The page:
Keep Moving on Moynihan Station and Hudson Yards

Two of the city’s greatest public-private projects on Manhattan’s West Side have suffered setbacks in recent weeks. First, various government entities have hinting that Moynihan Station—a $900 million project that ballooned into a $14 billion mega-development—will never see the light of day. Then, a deal between the Metropolitan Transportation Authority and a real estate developer to create office towers, apartment buildings and parks over the rail yards on the far West Side collapsed. Both projects, Moynihan Station and Hudson Yards, reflect the determination to get things done on a grand scale which has characterized New York in the 21st century. And both have come too close to fruition to fall back now.

The late U.S. Senator Daniel Patrick Moynihan’s proposal to relocate Penn Station to the magnificent Farley Post Office on Eighth Avenue has lost none of its luster. And if his initial vision—a soaring train station acting as an appropriate gateway to the city for commuters and travelers—was subsequently loaded up with plans for office towers, retail stores and a new Madison Square Garden, well, people largely understood that the aim was still noble, and the results—a revitalization of midtown west—well worth the trouble. But the economy slowed, former Governor Eliot Spitzer proved himself unable to bring the competing groups together, and Moynihan Station, together with a new West Side business district, sputtered.

The vision, however, remains intact. And this week, Senator Charles Schumer—never shy about inserting himself in the midst of local conflicts—proposed that the Port Authority of New York and New Jersey take over development of Moynihan Station, noting the authority’s experience in large-scale projects, as well as $2 billion the authority has in unused capital funds. Mayor Michael Bloomberg disagreed, pointing out that the authority first needs to accomplish its goals in Lower Manhattan. And Mr. Bloomberg offered the senator a tart suggestion: You work in Washington; show us the money.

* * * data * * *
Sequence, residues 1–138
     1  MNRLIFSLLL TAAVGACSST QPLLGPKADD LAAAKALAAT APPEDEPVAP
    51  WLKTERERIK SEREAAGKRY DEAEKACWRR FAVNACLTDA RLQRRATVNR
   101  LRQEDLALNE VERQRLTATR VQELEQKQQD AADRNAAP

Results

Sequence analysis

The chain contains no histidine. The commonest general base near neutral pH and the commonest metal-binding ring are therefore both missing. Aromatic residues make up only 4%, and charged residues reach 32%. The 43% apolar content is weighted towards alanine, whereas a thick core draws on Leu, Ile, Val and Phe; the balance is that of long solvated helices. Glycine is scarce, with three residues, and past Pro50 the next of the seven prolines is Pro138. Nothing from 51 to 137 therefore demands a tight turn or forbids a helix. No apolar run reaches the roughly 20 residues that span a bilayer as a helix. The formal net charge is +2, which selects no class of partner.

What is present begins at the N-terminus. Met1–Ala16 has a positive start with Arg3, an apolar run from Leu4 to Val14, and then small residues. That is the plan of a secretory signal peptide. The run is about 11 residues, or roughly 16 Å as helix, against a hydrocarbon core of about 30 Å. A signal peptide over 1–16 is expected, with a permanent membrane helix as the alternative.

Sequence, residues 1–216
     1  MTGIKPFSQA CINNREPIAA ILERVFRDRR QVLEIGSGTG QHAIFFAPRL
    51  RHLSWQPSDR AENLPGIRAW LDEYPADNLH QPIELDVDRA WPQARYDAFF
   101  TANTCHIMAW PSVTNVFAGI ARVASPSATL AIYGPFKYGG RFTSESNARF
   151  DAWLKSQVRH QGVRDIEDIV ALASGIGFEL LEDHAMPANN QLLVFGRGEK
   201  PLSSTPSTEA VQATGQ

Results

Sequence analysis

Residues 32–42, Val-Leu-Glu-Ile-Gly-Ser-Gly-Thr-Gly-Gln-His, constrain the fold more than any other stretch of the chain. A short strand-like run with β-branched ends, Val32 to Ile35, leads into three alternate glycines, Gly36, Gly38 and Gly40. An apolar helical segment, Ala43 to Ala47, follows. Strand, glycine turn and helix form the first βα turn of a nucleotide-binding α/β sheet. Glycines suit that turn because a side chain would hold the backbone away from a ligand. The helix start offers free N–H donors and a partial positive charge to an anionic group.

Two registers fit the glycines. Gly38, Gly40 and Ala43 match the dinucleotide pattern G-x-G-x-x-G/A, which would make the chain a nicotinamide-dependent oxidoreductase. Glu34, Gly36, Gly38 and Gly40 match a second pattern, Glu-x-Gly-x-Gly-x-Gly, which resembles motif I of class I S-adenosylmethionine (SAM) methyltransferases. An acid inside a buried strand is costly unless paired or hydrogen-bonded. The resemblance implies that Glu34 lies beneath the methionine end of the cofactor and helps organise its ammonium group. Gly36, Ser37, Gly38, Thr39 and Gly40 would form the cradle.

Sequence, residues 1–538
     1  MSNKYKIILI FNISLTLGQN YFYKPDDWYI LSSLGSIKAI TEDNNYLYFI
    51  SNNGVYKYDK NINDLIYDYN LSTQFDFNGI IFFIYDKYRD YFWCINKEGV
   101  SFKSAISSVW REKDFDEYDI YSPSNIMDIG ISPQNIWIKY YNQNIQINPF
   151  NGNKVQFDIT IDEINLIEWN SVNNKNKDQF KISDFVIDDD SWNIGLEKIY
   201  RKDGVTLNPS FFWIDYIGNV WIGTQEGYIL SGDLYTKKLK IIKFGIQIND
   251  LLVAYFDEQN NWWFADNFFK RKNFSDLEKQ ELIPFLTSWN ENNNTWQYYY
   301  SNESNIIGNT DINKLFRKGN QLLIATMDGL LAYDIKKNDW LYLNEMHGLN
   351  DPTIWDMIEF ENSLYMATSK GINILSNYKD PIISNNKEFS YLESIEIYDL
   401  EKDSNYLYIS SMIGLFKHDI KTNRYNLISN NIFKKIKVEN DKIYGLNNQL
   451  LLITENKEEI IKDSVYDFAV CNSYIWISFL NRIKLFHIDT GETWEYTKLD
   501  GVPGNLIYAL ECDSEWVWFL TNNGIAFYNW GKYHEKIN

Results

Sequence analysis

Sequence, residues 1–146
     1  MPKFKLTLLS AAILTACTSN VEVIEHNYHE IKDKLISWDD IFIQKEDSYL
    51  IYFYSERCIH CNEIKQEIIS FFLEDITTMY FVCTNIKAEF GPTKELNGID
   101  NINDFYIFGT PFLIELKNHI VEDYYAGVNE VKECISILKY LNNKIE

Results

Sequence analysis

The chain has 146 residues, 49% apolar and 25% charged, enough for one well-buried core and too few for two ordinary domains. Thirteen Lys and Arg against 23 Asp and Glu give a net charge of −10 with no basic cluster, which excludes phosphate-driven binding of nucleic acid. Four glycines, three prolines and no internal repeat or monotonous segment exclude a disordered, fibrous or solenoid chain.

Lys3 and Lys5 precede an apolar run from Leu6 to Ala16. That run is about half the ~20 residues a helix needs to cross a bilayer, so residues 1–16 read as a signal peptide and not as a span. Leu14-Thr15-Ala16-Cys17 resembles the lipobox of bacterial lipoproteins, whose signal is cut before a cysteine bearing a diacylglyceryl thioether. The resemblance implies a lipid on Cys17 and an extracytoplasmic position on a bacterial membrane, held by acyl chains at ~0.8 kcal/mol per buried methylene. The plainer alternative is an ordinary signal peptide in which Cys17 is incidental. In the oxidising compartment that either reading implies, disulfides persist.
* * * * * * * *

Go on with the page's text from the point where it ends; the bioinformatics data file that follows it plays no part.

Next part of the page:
The good news, of course, is that the senator and the mayor are tussling over a project that politicians of lesser resolve would simply let wither. The mayor is also moving aggressively to revive the M.T.A.’s Hudson Yards deal with Tishman-Speyer, or with other bidders who may now emerge. While the M.T.A. is a state agency, Mr. Bloomberg has a great deal of sway, not only because of his position, but also because he can green-light $2 billion of city financing toward extending the No. 7 subway line, providing transportation to the thousands of commuters and residents who would be working and living in the new complex.

Both Moynihan Station and Hudson Yards would bring sizable, long-term benefits to the city’s economy. The main thing is to get them both fully on track now, while Mr. Bloomberg is still mayor. There is no guarantee his successor will share his vision and commitment to the large-scale, transformative, private-public projects that bring out the best of New York.